God's Ambassador (Joe Torres)
Speech given at World Journalism Institute conference at The King's College in New York City, NY (November 3, 2007)
Joe Torres reports and anchors the weekend evening news on WABC-TV, New York.
Joe is a full-fledged, purebred New Yorker. He was born in Brooklyn. He attended P.S. 198 until the sixth grade when his family moved to Northern Westchester County. He is a graduate of John Jay High School in Cross River.
After high school, Joe continued his education at SUNY Brockport, where he earned a B.S. in Communications. Along with his wife Fran and their two boys, Joe still lives in the town where he grew up.
Joe joined the Eyewitness News team as a general assignment reporter in 1997. Throughout the last nine years he has established himself as one of the premier street reporters here in the nation's #1 television market. Versatility is his strength. Crime, politics, education, transportation, business, whatever the subject, Joe has covered it all with an engaging and energetic style that fellow New Yorkers have come to know and love.
Perhaps most memorable for viewers has been Joe's extensive coverage of the late Pope John Paul II. Before the Holy Father's death, Joe followed the globe-trotting Pontiff on his trips to Cuba, Mexico, and the Holy Land, providing New Yorkers with local angles to worldly events. Joe was at the Vatican for the Pope's Silver Anniversary and for his death, when millions flocked to Rome to say goodbye to the spiritual leader. And lastly, Joe was at St. Peter's Square when the white smoke from the Sistine Chapel informed the world of the historic election of Pope Benedict the XVI.
Two days a week Joe sets aside his reporter's pad and heads to the anchor desk. Each Saturday and Sunday Joe serves as the Co-Anchor of Eyewitness News This Weekend.
Joe's distinctive storytelling ability garnered him a Peabody Award and the Edward R. Murrow Award for his reports on the world-changing events of September 11th. Joe also earned an Emmy Award for his coverage of the Greenpoint Gas Tank Implosions in 2001.
Joe started his television career in 1987 as an NBC Page in New York. He first reporting job was at WSAV-TV in Savannah, Georgia, where he served as a general assignment reporter and beat reporter covering county government. Joe then moved to the ABC affiliate WNEP-TV in Scranton/Wilkes-Barre, Pennsylvania, to work as a Consumer Reporter, general assignment reporter and Weekend Anchor. In 1992 Joe landed a job as the Jersey Shore correspondent for Disney/ABC-owned WPVI-TV in Philadelphia.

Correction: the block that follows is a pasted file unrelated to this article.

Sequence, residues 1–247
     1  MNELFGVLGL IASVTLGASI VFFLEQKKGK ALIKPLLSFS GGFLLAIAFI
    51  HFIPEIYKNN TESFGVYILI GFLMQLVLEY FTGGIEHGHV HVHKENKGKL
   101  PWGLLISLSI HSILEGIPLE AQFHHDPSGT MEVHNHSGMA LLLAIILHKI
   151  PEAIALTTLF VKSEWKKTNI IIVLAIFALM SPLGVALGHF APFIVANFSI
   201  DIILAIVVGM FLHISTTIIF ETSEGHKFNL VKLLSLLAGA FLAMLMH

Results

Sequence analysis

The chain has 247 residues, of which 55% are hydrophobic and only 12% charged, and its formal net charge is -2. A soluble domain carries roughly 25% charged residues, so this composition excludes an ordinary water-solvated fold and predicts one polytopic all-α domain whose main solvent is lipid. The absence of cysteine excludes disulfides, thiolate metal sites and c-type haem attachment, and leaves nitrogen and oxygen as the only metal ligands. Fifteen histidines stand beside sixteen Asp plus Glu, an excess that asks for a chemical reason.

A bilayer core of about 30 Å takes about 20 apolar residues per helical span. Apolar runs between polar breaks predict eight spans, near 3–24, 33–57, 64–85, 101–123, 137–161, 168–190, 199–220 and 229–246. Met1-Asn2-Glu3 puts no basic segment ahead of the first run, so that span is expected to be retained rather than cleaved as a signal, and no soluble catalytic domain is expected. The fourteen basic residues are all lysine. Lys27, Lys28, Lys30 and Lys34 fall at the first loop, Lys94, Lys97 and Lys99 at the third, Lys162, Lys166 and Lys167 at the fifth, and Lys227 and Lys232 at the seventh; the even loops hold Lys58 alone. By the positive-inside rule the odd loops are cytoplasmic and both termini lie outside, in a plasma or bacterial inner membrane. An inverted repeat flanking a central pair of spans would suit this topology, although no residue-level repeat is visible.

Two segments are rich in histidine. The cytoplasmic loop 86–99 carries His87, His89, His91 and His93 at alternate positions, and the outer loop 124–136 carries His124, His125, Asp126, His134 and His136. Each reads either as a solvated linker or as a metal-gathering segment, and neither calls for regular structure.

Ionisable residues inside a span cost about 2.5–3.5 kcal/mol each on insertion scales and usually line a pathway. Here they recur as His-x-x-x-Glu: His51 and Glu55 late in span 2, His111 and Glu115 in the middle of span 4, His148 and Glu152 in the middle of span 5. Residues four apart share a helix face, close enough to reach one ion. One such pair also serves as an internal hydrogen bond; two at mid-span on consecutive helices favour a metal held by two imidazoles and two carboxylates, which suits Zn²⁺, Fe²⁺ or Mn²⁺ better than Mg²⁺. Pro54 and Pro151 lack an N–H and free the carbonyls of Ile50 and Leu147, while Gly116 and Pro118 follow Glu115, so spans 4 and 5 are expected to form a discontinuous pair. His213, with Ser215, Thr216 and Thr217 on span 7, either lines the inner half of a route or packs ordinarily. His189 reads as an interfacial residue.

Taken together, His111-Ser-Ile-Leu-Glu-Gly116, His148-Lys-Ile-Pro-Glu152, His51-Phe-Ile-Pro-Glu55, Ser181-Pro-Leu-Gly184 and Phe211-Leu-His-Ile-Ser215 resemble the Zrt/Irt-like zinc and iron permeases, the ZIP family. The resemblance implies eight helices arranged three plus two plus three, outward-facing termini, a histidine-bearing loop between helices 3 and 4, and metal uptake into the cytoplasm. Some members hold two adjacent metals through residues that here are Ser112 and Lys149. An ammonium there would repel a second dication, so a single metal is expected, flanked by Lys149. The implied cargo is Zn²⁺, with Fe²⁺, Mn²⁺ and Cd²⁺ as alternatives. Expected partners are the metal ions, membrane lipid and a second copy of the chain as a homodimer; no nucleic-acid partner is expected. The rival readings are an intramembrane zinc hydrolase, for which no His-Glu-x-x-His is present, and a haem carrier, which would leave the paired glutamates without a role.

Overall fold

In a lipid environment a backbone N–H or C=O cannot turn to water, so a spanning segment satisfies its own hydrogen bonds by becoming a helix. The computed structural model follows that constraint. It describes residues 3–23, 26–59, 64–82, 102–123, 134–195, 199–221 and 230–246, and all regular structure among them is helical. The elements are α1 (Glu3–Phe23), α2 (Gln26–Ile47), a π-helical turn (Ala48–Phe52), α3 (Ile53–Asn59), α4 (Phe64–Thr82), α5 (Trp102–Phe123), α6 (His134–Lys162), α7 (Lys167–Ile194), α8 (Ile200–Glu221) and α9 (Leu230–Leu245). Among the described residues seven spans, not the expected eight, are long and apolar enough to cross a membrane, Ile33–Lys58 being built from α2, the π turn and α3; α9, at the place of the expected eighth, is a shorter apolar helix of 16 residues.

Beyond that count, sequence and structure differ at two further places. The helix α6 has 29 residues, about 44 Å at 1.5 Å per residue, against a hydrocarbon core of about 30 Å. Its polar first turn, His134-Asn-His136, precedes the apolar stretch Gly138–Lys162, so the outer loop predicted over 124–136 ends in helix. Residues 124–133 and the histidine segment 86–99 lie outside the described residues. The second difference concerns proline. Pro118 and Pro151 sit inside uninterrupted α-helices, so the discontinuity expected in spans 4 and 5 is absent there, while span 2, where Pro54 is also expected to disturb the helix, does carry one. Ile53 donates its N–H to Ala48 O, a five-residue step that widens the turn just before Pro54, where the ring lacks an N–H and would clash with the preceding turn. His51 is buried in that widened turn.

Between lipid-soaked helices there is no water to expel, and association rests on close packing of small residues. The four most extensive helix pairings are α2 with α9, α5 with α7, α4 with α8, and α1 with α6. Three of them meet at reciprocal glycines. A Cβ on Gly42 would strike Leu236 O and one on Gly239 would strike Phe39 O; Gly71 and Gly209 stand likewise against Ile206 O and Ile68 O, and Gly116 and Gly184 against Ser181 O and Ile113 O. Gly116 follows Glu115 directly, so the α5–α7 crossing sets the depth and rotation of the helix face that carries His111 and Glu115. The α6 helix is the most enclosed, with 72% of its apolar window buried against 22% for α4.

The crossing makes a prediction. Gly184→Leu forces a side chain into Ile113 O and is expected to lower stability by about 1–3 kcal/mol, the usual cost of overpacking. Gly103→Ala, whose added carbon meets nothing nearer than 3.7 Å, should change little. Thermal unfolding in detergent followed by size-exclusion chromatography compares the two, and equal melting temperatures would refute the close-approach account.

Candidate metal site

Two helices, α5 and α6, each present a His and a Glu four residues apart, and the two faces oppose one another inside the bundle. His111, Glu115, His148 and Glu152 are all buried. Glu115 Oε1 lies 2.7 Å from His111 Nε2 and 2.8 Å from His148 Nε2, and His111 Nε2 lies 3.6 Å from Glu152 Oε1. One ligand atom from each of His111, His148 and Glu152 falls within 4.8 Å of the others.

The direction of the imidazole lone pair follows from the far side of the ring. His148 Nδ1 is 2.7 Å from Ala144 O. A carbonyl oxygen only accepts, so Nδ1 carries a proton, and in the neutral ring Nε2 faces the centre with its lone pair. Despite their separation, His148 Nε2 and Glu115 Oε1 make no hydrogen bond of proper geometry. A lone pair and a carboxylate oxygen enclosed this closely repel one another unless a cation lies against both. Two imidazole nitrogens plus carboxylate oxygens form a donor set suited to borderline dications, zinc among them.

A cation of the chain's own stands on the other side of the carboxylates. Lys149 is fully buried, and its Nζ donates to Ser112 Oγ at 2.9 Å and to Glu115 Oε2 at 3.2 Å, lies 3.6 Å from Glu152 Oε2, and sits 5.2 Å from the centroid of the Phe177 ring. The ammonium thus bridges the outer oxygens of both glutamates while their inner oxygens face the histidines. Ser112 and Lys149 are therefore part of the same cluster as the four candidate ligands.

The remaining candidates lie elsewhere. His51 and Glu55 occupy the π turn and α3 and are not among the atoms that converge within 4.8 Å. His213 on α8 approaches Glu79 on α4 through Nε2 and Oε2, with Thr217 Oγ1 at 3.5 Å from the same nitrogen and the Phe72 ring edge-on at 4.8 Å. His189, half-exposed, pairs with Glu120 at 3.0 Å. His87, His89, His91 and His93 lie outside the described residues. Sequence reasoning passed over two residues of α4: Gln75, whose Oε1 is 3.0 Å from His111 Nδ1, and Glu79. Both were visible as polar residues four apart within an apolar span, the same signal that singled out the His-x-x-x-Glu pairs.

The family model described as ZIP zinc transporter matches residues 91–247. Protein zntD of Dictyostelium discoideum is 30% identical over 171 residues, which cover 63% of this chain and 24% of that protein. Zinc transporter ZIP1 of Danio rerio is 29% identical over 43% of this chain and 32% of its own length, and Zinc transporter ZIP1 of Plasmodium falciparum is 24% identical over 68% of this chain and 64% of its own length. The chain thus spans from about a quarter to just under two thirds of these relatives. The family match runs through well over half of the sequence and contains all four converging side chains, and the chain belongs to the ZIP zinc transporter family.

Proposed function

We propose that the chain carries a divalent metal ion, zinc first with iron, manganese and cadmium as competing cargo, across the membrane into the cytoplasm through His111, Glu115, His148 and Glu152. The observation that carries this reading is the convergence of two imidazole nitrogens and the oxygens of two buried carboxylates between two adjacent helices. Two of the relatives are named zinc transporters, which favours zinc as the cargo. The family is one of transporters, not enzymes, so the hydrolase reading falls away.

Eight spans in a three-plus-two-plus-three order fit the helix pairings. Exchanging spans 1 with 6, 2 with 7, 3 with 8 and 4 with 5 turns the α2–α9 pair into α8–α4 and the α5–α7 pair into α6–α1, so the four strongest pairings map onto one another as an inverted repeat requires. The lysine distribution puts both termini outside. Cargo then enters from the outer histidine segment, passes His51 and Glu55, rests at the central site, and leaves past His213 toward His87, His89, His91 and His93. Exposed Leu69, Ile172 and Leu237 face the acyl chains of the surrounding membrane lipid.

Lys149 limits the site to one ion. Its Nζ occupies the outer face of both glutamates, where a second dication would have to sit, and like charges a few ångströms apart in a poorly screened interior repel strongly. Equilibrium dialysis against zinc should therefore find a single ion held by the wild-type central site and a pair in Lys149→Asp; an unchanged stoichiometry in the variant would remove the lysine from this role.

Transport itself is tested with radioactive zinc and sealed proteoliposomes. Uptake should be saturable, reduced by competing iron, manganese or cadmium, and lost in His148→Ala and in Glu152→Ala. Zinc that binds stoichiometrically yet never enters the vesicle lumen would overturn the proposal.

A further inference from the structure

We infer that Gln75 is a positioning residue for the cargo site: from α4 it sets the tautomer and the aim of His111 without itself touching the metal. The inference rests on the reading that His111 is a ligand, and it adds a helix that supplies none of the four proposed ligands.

by Joe Torres
The great theologian and former chaplain for the Dallas Cowboys, Dr. Howard Hendricks, once told the story of a revealing experience he had on a cross-country flight. His flight, interminably delayed, had most of the passengers anguished, disturbed, and frustrated. Tempers flared, arguments ensued, fingers pointed. And caught in the middle of it all: the flight attendants, who did their best to keep the peace and allow sanctity to prevail.
The flight eventually lifted off, and during a quiet moment Dr. Hendricks managed to pull aside one of the battle weary flight attendants to offer some words of praise: “I just want to say that I watched how you handled yourself throughout that whole ordeal and I can’t begin to tell you how impressed I am. American Airlines is so fortunate to have an employee such as you.” The delighted attendant smiled and gave Dr. Hendricks a response that, in his words, “shocked me awake.” She said, “Well, thank you, sir, but you see I really don’t work for American Airlines.”
At this point the good doctor began to wonder exactly what flight he was on. She continued, “I work for the Lord Jesus Christ. And each day during my commute to the airport, I pray and ask God to use me as His servant working at American Airlines.”
Dr. Hendricks went on to say how he picked himself up off the floor and began an absolutely delightful conversation with the flight attendant. He wrapped up the story by telling his mesmerized audience, “May her tribe increase.”
I first heard that story 24 years ago at a Campus Crusade for Christ Christmas conference called KC ’83—’83, of course, for the year it took place and KC for that marvelous steak metropolis in the Midwest that’s home to baseball’s Royals and football’s Chiefs. I left the conference having made the commitment that I would “increase the tribe” by doing exactly what that flight attendant did each day.